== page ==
at C=100

F= (900 + 160)/5 = 1060 / 5 = 212

and at c = f at -40

Paul

Paul, I just saw your question today. I'm not ignoring you. It's just that I don't like the new forum and don't get on it much anymore.

Your formula is correct, but it's for converting a temperature on one scale to the other. It's not for converting the size of a temperature difference, which is what a HDD measures.

I don't think I can explain it clearly by email. Try reading my long previous message again. If it's still not clear you may have to ask someone in person, like a science teacher. I'm not very good at explaining things in writing.

Although it is true that 1.8 is an exact conversion factor from Celsius to Fahrenheit a HDD conversion is more complex since it is based on the median daily temperature. Most HDD tabulations are based on 65 F as a basis. A day whose high temperature was 70 F and a low of 28 F(yesterday here in Denver) has a median temperature of 49 F and a HDD of 16. To convert to HDD in Celsius the high is 21.1 and the low is -2.2 and the median temperature is 11.7 resulting in (to a base of 20 C) 8.3 HDD. Since over a periond of time there might be several combinations of median temperatures which give the same HDD for an accurate calculation one must know the actual median temperatures for the year.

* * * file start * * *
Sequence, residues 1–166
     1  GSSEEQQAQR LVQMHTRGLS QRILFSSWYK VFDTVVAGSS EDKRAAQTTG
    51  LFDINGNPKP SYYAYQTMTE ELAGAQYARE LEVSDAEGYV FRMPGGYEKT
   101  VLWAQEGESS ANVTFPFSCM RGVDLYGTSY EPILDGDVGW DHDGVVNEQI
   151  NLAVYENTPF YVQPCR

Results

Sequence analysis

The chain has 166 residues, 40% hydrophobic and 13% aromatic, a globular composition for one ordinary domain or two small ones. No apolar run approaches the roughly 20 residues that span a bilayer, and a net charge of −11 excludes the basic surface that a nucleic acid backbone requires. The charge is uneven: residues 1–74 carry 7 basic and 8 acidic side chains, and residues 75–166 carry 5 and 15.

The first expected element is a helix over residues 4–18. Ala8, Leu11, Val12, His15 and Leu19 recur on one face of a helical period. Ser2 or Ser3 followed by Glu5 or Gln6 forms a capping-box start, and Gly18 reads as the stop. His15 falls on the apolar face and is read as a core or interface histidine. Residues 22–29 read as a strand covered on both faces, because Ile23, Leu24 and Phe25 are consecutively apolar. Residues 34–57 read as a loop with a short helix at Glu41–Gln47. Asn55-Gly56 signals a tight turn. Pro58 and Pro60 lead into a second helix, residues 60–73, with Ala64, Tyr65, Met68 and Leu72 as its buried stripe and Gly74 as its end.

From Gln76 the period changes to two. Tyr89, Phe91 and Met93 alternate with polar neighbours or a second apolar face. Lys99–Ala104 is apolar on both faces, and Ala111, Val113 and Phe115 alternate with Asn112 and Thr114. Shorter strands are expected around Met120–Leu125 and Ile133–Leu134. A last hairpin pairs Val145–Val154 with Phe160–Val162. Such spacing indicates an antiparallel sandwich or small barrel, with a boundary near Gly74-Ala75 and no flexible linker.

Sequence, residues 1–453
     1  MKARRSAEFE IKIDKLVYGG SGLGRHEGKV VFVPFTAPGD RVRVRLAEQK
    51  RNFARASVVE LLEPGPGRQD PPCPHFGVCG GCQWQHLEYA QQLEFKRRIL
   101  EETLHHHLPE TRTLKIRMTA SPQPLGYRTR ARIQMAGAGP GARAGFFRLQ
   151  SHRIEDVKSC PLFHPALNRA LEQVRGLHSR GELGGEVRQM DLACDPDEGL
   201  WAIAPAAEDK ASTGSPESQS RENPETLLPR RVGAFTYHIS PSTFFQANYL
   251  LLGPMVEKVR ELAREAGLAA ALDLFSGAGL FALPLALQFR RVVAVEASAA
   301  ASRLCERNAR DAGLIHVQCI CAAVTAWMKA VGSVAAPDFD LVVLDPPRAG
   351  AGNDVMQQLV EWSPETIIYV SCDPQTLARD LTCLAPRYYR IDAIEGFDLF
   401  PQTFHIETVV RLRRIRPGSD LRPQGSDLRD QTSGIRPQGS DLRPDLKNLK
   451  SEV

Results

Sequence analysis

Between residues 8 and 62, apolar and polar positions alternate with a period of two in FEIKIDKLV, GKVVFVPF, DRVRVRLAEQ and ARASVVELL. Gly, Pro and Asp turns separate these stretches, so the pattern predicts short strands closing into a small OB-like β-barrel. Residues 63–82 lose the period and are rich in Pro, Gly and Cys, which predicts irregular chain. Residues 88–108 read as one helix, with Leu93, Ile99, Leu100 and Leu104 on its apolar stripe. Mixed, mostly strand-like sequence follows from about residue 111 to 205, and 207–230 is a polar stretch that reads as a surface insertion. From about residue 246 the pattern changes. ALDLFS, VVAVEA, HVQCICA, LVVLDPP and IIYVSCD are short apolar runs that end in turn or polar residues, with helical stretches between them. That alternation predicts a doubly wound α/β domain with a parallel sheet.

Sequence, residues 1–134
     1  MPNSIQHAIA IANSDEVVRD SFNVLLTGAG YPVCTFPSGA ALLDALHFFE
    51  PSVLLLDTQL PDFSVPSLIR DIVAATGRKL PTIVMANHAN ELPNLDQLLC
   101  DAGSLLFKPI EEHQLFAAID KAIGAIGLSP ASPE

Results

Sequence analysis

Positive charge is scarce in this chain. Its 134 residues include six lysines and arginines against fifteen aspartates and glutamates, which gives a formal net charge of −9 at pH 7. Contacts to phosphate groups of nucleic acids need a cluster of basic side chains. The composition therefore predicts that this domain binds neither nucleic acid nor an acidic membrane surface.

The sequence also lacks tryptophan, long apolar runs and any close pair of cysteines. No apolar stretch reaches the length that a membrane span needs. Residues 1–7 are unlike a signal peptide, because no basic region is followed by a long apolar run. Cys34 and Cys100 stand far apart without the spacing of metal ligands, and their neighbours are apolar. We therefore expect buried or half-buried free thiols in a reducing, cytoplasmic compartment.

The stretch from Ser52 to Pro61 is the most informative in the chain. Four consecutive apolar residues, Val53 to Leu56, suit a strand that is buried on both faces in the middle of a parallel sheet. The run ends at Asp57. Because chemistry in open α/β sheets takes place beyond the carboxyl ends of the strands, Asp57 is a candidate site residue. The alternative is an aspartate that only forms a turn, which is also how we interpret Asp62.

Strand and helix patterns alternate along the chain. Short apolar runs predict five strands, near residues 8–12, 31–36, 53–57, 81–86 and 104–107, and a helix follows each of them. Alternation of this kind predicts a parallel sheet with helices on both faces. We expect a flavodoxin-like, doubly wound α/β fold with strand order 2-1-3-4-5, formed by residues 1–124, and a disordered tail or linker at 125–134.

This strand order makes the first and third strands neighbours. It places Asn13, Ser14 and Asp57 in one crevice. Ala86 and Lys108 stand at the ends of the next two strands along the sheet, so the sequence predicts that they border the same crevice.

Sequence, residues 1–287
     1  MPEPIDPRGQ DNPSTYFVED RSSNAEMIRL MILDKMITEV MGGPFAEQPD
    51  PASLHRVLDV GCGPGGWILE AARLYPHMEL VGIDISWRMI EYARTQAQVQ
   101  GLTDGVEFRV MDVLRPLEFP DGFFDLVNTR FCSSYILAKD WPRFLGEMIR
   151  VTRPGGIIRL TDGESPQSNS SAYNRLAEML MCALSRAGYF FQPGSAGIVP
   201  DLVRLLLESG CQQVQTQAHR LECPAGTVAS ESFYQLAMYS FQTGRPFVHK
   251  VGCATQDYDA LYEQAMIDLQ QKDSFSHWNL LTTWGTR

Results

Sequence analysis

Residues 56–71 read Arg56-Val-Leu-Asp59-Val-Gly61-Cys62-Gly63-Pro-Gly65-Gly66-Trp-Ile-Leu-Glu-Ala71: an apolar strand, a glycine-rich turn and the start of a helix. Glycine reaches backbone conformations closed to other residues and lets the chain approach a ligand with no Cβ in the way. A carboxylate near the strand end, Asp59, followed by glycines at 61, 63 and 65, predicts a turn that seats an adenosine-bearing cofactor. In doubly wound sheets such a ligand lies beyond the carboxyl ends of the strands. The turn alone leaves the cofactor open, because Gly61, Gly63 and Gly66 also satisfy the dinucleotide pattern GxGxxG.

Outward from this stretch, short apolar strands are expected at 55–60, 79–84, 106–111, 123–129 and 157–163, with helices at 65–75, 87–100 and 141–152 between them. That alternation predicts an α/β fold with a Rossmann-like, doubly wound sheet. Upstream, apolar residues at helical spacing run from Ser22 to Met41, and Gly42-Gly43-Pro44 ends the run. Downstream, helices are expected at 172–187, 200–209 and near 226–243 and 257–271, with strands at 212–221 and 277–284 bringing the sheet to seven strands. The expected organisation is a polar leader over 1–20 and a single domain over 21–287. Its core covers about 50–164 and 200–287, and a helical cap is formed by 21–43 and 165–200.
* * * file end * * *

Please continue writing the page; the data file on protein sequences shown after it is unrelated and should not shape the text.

F to C (F-32)/1.8

C to F (Cx1.8)+32

I can't believe we can have so much to discuss just over a conversion from C to F. I am going to throw in my 2C's worth. Wayne, the ME who can't draw is right, how can you be a ME and can't draw? Paul and Owl have the same formula. Here is something that I think what everybody is arguing about, the basis of degree days. If we are just talking about conversion of DD's, shouldn't the basis be irrelevant? If you are given X DD's in C, that's a number based on the basis where it is calculated from. In another locale, where the basis is differnt, then the DD's would be different too. We are not talking about conversion of DD's to different basis. So the conversion would be straightly the factor of 1.8 exact, no adjustment of 32 or the temperature that it is based on.

Here is how the different scales came about. The first temperature scale developed was C. At the time people thought when water turned to ice, that's the coldest temperature that anything could achieve, so they marked it as 0 because nothing could get colder or below 0. Then they decided boiling water was as hot as things could get, they made it 100 so there was 100 divisions in between. Then they later found out that something could actually achieve a temperature below 0, I don't remember what that something was, and it was quite a bit below 0C so they thought that was it, nothing could go lower. So they designated it as 0F and with that scale ice melted at 32 and water boiled at 212. I don't remember how they made up the 180 difference in between, and the body temperature thing is new to me, never heard of it before. Then as science advances people knew they could get to a much lower temperature. So now the accepted absolute 0 is -273.16C an at that point nothing moves. So with the Kelvin scale water freezes at 273.16K and boils at 373.16K

tom.. i think the story about body temp. was more enjoyable.. so i'm stickin with that one....

u may be right , but u cud use an editor.....

Mike SmithRhode Island